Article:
Critters 2 has a decent score by Nicholas Pike, a bit lighter than the score to Critters but more varied and melodic. It seems to quote the scores to Patton and The Magnificent Seven, and definitely quotes the score to Close Encounters Of The Third Kind, but it all seems quite appropriate to what is occurring on screen. Critters 2 could have benefitted from some new ideas, a few moments are almost thrown away, and it just doesn’t quite have the likeability of Critters, but it’s still a most enjoyable sequel that I can’t imagine any fan of the first film actively disliking, because it’s basically more of the same, and also has loads more Critters!
Clifford and his two kids Annie and Johnny are travelling back home from vacation when a blown tire forces them to pull over at a nearby rest stop. The kids meet up with Josh, whose family is also parked there, then encounter Charlie, Grover’s Bend’s town drunk-turned-alien bounty hunter, who tells them about the Crites and gives Johnny a crystal which will turn green if trouble is near. As this happens, a Crite lays eggs under the family’s car and the family leaves, unknowingly taking the eggs with them back to their rundown apartment building where the landlord is trying to evict them….
Critters 3 is widely considered to be some serious notches down from the first two films, and I suppose it is really, but having expected the worst, and having actually been put off by talk about its poor quality so much that I never checked it out until now, I still rather enjoyed it. The major criticism seems to be that it’s very cheap but that in itself isn’t automatically a flaw. Quite often, a film which stretches a meagre budget as far as they can is more admirable than a mega budget feature which is able to liberally throw money around and therefore should have fewer flaws. Critters 3 is restrictive in scale and a bit repetitive, while they’ve all but given up trying to make the Critters scary as well as funny, but it also seems like one of those films where everyone was aware of what they were making and decided to have fun with it. Of course this film is best known as Leonardo DiCaprio’s film debut, and the back of the DVD says that he leads the fight against the aliens, but actually he’s off screen a lot of the time and contributes little to the effort except bashing a Critter to near-death with a torch.
You see there wasn’t really anywhere else the franchise could have gone. Critters 2: The Main Course had flopped to the point that I’m surprised they didn’t end the series there and then. But the critters clearly had some fans at New Line, so the creatures were allowed to return, except that it wouldn’t be to cinema screens but to TV screens, and on a far lower budget. Much money was actually saved by filming Critters 4 at the same time as Critters 3, a practice which is certainly not restricted to the cheaper end of filmdom. The director was Kristine Peterson who had assisted on several decent horror movies, while the writer David J. Schow was a respected ‘splatterpunk’ author and scripted The Crow and others, though you wouldn’t really know it from his unimaginative screenplay. DiCaprio’s role was actually one that Cary Elwes had turned down and he character of Johnny was played by two twin brothers, Joseph and Christian Cousins. I can’t tell you much else in the way of interesting facts about Critters 3, because it’s one of those movies that there isn’t much information about. For a few years now, some critters fans have been trying to make a documentary about the franchise, but it keeps stalling due to lack of funds. I’m sure some nuggets will be revealed if and when it’s finished. Critters 3‘s straight to DVD release was reasonably successful.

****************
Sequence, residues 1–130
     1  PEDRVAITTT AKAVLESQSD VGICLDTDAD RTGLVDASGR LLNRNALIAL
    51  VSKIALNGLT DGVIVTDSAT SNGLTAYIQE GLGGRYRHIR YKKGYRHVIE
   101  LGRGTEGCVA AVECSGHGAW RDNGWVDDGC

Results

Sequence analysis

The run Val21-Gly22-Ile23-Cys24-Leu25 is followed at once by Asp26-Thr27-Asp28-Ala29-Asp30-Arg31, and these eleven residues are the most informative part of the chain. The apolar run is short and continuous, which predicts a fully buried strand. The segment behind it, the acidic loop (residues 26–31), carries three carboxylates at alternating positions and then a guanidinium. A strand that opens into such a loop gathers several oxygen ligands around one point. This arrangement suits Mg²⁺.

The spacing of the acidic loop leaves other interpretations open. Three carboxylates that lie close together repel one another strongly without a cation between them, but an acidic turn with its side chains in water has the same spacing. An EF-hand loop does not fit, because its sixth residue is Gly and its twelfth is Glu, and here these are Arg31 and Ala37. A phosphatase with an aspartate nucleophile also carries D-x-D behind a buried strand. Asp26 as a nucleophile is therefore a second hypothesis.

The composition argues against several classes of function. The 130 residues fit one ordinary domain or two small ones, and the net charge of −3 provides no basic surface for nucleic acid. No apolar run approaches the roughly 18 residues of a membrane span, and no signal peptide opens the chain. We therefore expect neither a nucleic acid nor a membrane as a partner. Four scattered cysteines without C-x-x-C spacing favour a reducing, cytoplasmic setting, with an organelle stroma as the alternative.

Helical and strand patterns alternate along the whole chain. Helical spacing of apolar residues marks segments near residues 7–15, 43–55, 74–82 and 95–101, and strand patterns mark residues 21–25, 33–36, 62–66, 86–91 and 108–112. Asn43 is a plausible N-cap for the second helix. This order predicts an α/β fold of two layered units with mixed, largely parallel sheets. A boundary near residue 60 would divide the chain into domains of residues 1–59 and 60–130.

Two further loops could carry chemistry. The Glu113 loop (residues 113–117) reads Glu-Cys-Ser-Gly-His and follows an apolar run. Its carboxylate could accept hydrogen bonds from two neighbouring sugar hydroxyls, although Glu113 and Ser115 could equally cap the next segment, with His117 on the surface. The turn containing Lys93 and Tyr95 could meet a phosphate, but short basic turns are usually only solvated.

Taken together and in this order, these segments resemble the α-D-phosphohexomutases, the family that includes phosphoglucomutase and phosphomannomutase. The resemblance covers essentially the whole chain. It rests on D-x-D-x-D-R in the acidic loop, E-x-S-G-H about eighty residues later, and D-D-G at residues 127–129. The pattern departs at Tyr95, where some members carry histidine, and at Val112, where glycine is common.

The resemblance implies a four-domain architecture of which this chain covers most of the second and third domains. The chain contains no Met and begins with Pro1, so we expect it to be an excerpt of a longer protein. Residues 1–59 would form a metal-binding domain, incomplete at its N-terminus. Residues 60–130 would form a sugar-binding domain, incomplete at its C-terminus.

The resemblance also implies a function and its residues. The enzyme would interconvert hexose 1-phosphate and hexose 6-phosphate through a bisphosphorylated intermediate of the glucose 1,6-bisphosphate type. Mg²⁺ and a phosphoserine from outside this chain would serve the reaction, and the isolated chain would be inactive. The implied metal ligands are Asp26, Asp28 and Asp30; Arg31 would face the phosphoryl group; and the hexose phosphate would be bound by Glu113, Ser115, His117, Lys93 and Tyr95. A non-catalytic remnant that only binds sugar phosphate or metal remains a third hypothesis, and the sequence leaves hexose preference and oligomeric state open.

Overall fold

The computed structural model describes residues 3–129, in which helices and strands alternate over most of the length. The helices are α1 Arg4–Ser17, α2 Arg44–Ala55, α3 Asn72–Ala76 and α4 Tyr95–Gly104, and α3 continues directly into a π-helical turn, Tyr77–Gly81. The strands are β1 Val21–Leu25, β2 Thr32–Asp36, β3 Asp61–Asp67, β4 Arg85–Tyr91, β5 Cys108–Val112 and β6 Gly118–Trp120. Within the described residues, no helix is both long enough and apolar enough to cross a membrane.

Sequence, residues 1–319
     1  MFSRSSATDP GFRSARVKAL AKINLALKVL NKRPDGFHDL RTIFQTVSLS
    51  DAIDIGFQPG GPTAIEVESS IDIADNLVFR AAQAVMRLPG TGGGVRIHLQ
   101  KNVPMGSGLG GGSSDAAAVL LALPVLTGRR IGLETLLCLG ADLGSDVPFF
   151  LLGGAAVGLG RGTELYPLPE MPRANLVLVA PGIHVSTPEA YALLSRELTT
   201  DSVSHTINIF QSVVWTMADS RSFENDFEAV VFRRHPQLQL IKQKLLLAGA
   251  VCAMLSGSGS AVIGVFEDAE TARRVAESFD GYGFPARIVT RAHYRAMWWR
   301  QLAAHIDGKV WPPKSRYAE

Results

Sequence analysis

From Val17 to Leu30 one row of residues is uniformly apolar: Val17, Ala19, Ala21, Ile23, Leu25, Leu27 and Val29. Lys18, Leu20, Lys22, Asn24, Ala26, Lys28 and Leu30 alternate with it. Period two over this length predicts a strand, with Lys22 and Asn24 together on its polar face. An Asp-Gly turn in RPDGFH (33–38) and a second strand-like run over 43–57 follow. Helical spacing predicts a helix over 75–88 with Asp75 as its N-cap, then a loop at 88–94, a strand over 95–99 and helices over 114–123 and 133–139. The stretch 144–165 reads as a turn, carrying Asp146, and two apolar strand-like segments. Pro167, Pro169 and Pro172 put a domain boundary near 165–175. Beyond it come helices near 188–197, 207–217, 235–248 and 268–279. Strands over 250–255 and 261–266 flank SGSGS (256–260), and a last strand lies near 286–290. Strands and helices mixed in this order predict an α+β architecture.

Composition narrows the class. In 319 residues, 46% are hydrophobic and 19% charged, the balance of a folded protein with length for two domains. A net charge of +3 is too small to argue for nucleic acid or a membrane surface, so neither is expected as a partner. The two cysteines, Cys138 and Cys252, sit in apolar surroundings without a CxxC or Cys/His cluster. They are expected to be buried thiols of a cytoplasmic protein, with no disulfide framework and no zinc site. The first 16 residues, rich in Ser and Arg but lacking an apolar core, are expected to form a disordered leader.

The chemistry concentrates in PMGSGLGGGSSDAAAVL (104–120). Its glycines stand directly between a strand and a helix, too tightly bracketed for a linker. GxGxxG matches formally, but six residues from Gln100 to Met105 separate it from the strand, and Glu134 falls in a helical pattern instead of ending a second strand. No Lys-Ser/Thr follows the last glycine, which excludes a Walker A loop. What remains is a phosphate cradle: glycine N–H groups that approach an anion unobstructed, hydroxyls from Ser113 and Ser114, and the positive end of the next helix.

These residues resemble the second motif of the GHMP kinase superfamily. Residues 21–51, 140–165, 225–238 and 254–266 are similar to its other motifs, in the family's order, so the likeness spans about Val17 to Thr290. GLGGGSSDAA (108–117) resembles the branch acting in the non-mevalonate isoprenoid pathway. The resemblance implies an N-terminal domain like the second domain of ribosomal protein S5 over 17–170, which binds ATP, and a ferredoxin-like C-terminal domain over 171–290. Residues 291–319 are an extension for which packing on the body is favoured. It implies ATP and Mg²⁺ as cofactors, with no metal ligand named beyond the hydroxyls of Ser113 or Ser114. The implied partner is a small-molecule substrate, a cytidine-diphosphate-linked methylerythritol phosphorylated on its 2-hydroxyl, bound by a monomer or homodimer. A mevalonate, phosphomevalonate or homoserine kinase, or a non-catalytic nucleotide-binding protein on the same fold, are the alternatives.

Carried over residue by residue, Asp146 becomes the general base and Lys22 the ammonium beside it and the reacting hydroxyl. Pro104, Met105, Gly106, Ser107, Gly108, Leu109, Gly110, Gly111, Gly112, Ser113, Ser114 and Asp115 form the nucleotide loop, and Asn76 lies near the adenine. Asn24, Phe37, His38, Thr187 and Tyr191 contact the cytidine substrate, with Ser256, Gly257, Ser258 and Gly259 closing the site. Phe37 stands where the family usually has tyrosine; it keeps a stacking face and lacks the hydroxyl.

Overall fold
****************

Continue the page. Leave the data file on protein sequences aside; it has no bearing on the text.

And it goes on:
The first few scenes of Critters 3 take place outdoors near a rest stop. Charlie pops up out of the ground from the shelter he’s presumable been living in to tell the three main youthful protagonists some background history and give us some footage from the first two Critters films. We get the usual POV critter shots with the usual noises, then shots of some eggs under the truck, after which we switch to the apartment building where the rest of the film will take place. The stepdad of DiCaprio’s character, Josh, is the landlord and trying to drive everyone out by things like cutting off the electricity. He has a highly amusing helper in Frank, a sleazy maintenance man who puts a sign which reads OUTA ORDER and whose accent alternates from Brooklyn to cornetto man-style Italian. Unfortunately, he soon becomes the first person to be killed in the film’s only really bloody scene, though even here the red stuff is mostly seen just dripping on to the floor. There’s some inconsistency with previous occurrences, such as critter eggs now being able to hatch within a few hours, and could the script not have told us things like why Charlie is no longer the sheriff which he became at the end of Critters 2? It seems like Schow constructed the script from somewhat hazy memories of the other two films.